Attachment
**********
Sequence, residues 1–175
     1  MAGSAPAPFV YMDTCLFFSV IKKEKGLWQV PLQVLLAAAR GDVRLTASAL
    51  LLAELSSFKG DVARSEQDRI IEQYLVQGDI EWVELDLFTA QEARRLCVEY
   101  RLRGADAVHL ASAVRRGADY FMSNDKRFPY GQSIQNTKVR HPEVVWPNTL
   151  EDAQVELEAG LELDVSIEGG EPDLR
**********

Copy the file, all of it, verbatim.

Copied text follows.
Sequence, residues 1–175
     1  MAGSAPAPFV YMDTCLFFSV IKKEKGLWQV PLQVLLAAAR GDVRLTASAL
    51  LLAELSSFKG DVARSEQDRI IEQYLVQGDI EWVELDLFTA QEARRLCVEY
   101  RLRGADAVHL ASAVRRGADY FMSNDKRFPY GQSIQNTKVR HPEVVWPNTL
   151  EDAQVELEAG LELDVSIEGG EPDLR